Addressing context will also help bridge the gap between controlled and spontaneous practice. A lot of the time, what works for us in drilling doesn’t work when it comes to free training. “More practice” is a frequently prescribed solution (and yes, sometimes with greater quantity, quality increases as well), but if the technique is not learned in a context where it is likely to succeed, then often the practitioner is doomed to failure.
Especially now, in a world of YouTube and instructional videos galore, it is not good enough for an instructor to simply present information about martial arts techniques and expect successful execution from his or her students. Students can access a lot of that information online, which makes the instructor’s explanation redundant if they don’t go deeper. The bread and butter of teaching is in anticipating what will go wrong or observing what is going wrong, and provide tips with how to remedy these errors.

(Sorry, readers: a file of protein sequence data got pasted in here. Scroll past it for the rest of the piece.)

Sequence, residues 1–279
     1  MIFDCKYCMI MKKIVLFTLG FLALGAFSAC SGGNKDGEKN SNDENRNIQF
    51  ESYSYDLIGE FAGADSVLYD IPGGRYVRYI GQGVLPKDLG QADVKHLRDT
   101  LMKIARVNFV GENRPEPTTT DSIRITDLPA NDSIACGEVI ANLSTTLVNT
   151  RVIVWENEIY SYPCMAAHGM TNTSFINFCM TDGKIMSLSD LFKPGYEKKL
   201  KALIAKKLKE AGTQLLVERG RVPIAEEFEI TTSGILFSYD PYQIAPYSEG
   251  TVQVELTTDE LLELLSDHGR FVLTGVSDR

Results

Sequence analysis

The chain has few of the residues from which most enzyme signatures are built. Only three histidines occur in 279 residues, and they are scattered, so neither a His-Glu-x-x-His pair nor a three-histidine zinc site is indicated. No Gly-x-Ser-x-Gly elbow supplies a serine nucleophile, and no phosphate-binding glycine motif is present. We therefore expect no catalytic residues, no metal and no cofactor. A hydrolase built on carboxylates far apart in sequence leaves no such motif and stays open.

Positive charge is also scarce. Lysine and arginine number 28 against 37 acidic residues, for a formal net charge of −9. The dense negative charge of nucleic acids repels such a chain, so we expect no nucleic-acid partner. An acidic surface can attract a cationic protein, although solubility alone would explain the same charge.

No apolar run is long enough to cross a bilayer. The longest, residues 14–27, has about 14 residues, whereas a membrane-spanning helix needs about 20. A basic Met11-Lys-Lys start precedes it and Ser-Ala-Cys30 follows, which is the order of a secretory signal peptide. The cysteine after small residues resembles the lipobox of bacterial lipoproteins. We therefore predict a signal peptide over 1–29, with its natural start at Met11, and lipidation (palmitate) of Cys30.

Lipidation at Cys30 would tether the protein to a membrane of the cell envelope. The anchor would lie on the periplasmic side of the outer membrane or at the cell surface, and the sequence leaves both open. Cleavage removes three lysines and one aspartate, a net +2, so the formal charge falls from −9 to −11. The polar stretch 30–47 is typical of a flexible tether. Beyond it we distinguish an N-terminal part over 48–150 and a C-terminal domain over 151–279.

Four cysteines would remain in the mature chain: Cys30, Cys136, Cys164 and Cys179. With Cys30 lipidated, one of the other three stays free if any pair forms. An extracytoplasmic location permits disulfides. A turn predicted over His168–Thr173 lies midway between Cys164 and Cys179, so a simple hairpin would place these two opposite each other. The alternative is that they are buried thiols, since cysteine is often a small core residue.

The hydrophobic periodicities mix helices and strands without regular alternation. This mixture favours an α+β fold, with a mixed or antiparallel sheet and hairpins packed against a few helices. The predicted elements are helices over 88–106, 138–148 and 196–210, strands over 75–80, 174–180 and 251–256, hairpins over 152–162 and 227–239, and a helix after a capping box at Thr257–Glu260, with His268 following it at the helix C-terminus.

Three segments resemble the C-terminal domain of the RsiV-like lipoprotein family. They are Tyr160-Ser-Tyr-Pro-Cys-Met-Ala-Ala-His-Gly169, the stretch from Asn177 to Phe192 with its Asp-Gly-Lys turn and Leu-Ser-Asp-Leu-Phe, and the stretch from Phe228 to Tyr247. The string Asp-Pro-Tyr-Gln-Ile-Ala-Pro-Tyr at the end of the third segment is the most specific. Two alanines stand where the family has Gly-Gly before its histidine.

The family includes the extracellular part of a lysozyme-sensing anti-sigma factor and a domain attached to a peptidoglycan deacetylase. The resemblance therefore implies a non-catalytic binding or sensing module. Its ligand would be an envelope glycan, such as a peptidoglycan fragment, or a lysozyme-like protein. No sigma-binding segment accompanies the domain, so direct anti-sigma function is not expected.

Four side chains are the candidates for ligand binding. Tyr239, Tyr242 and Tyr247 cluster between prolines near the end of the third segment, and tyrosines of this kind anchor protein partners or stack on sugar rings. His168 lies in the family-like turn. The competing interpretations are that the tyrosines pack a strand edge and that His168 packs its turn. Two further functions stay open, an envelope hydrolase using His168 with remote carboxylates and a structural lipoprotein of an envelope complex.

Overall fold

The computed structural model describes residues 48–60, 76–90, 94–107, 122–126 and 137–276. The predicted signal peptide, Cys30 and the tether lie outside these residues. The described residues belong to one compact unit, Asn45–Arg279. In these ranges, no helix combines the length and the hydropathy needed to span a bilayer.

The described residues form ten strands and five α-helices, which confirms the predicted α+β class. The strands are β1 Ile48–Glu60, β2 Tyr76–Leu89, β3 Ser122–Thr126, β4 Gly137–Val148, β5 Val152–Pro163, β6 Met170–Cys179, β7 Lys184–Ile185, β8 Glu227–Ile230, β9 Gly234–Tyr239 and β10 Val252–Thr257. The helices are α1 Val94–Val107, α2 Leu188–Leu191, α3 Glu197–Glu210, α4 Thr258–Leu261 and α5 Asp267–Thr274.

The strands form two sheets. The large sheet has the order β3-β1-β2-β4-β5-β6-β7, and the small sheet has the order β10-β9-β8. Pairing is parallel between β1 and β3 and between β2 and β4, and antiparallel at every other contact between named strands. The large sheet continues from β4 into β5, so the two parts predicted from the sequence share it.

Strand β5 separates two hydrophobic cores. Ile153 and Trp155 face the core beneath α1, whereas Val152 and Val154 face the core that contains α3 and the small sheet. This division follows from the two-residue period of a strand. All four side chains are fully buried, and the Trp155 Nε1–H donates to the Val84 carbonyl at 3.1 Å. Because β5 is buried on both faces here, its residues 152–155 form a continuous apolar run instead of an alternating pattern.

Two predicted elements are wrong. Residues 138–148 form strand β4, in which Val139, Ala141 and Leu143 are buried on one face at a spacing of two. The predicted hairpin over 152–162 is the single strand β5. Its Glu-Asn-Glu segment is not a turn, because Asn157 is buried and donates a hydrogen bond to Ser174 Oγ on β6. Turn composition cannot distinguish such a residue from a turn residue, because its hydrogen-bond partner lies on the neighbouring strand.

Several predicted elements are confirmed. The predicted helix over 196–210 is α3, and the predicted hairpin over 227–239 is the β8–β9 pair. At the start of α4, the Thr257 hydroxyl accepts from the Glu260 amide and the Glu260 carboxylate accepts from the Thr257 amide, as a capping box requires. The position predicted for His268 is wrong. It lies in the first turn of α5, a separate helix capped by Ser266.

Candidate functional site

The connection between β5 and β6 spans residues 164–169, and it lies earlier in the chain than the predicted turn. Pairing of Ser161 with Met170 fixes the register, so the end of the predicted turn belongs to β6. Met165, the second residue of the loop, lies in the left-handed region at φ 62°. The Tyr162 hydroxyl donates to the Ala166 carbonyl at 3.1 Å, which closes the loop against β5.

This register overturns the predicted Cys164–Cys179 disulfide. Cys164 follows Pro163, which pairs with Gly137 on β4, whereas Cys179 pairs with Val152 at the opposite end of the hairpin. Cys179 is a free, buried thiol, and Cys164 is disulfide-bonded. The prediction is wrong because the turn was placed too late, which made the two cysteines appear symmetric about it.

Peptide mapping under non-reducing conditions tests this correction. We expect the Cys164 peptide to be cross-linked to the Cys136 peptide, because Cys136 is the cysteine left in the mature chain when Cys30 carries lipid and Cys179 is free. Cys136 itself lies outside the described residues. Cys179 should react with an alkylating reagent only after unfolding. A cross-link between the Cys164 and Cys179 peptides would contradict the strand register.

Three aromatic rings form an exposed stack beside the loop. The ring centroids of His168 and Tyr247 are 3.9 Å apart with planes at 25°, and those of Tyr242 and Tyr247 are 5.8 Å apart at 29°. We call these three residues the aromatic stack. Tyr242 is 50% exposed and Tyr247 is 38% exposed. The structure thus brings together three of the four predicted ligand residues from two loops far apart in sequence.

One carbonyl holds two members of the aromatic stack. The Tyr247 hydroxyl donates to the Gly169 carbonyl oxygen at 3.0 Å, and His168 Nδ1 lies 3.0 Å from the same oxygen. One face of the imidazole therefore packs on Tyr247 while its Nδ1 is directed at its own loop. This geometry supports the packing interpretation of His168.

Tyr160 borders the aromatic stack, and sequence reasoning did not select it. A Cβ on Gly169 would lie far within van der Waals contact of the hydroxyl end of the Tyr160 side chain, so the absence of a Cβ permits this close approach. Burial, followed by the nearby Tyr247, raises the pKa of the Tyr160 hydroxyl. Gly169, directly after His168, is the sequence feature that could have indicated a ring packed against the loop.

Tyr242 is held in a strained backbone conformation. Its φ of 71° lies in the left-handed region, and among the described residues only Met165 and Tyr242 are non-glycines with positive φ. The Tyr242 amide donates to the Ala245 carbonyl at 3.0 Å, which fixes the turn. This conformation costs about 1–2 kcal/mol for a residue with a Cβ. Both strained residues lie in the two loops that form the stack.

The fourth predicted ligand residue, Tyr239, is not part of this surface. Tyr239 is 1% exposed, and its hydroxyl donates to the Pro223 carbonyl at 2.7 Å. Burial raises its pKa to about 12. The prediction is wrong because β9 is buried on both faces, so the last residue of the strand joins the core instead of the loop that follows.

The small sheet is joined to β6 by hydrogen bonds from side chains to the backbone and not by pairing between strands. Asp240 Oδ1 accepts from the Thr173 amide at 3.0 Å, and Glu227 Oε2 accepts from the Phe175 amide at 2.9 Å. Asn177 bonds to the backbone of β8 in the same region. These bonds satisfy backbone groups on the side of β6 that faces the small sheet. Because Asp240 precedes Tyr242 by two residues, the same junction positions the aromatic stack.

For practitioners, before blaming the technique itself and simply concluding, “it doesn’t work,” do your due diligence in terms of asking the instructor and your peers, pressure testing, and correctly contextualizing what you are learning. If, after all these steps, the technique still doesn’t work for you, then you can discard it with the confidence of knowing you’re not missing anything of vital significance.
 McCarthy, Patrick. Personal Instruction. (For a demonstration of Ri-Ai Tegumi Futari-Geiko, visit: https://www.youtube.com/watch?v=72sigZhvITU)
 Funakoshi, Gichin. “Speaking About Karatedo”. Tanpenshu. Trans. Patrick and Yuriko McCarthy. International Ryukyu Karate Research Society, 2006. Pg. 73.